The US Federal Reserve today announced an increase in interest rate by 25 basis points. Once the banking crisis began to worsen, the FOMC meeting in March was seen as a crucial occasion globally. Once banks began to fail and reveal a financial weakness in their books, there were rumblings of a Fed pause.
US stocks are seen rallying after the rate hike announcement on Wednesday with S&P 500 and Nasdaq Composite trading in green. Investors may have interpreted the latest decision as dovish, and they believe the central bank will pause monetary tightening sooner than expected, given the market turmoil caused by recent bank failures.
As investors processed the vaguely anticipated 25ps increase in the Federal funds rate, the yield on the US 10-year Treasury note dropped to 3.51%, closing in on the six-month low of 3.3% reached on Monday.
Prior to today’s hike, a 25 basis point rate increase was expected but later, after Fed Chief Powell seemed hawkish during the Congressional testimony in the first week of March, several industry experts believed that the Fed could raise rates by 50 basis points. In the previous FOMC meeting on January 31–February 1, the Fed increased rates by 25 basis points, bringing the range of the federal funds rate to 4.5%–4.75%.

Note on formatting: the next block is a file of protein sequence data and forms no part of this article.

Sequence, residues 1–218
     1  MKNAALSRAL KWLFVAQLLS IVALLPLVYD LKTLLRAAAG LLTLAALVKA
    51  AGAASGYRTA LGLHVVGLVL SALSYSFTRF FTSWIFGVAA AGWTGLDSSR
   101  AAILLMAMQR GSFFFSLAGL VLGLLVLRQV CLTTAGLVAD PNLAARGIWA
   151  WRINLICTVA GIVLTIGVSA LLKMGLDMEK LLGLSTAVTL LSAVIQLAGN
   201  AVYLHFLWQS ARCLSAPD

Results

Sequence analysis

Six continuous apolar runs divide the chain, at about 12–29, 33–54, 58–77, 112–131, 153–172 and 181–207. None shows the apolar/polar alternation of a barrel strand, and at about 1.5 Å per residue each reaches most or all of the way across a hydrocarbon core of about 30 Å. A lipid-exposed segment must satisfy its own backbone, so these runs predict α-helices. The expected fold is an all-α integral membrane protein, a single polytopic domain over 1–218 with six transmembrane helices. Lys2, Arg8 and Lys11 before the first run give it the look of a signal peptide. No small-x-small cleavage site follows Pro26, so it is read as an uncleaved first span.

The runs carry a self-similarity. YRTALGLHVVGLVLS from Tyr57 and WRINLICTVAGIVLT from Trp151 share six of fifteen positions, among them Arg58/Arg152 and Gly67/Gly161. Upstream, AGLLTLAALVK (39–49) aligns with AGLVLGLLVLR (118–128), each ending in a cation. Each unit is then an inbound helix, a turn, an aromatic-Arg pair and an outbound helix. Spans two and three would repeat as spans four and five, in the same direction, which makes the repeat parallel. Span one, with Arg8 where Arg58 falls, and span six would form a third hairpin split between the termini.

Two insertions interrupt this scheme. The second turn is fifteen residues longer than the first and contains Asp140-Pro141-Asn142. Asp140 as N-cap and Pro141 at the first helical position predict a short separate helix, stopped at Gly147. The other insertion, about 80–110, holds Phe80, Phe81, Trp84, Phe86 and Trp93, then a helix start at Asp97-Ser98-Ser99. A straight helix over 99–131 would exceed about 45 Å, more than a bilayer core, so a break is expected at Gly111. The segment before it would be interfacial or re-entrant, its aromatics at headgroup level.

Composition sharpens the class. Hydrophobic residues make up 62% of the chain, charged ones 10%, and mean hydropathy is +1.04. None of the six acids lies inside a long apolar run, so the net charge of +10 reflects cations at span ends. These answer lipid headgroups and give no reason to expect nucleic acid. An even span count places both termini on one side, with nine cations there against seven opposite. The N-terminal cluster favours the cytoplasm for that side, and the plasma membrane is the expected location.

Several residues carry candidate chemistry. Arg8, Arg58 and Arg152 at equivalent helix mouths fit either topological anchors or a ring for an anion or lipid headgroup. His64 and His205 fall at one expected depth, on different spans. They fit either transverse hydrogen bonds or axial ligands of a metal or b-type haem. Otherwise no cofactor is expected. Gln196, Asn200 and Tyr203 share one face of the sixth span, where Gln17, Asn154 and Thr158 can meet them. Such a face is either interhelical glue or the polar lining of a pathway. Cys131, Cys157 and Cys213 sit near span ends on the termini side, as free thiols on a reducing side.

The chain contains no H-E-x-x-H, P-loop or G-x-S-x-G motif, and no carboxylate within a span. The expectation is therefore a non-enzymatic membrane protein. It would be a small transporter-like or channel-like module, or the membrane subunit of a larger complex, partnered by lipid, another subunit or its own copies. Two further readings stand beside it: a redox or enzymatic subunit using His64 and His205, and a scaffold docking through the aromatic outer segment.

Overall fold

Fed was faced with the conundrum as to whether to ignore the recent failures of two US banks and concerns about a Swiss bank and hold rates to give the financial system time to stabilise or to focus on combating inflation by raising rates as planned.
The Federal Reserve raised the fed funds rate by 25 basis points to 4.75%-5% at its March 2023 meeting, matching the February increase and pushing borrowing costs to new highs since 2007.
Most investors expected the decision, though some thought the central bank should pause the tightening cycle to shore up financial stability following the failure of three US regional banks and the takeover of Credit Suisse.
The central bank stated that the US banking system is sound and resilient, and that recent developments are likely to tighten credit conditions for households and businesses, weighing on economic activity, hiring, and inflation. Meanwhile, the fed funds rate is expected to be 5.1% this year, the same as last.
The US CPI numbers for February indicate that inflation is declining as expected by the market. By raising rates by 25 basis points, the Fed may be able to stick to its plan of gradual rate increases.
Before beginning up the rate raise exercise again later, the Fed may wish to take a break. In the long run, the effects of pausing without controlling inflation may be even more severe. The Fed will need to make decisions based on newly available facts.